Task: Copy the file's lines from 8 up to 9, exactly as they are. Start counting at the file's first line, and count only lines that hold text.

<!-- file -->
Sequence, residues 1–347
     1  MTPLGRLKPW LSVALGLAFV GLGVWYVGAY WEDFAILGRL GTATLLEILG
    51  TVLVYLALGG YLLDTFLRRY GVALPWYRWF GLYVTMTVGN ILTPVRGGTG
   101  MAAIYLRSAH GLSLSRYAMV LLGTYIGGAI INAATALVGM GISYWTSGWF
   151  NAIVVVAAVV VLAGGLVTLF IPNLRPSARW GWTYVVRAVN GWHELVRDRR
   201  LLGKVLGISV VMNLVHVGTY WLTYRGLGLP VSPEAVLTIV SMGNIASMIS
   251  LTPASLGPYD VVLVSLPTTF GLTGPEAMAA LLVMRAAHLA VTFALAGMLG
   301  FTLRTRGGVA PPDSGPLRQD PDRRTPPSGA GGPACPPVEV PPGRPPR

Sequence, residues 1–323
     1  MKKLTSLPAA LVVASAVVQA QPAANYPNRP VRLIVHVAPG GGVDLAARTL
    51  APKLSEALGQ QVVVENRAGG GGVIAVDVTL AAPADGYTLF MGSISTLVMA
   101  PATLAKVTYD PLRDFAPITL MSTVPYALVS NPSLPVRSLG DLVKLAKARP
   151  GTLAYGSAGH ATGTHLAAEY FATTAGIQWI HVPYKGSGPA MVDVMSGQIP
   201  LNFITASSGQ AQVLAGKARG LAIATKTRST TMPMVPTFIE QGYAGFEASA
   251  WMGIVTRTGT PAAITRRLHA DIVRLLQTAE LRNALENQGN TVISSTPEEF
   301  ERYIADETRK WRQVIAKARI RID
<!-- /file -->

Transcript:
   301  FTLRTRGGVA PPDSGPLRQD PDRRTPPSGA GGPACPPVEV PPGRPPR

Sequence, residues 1–323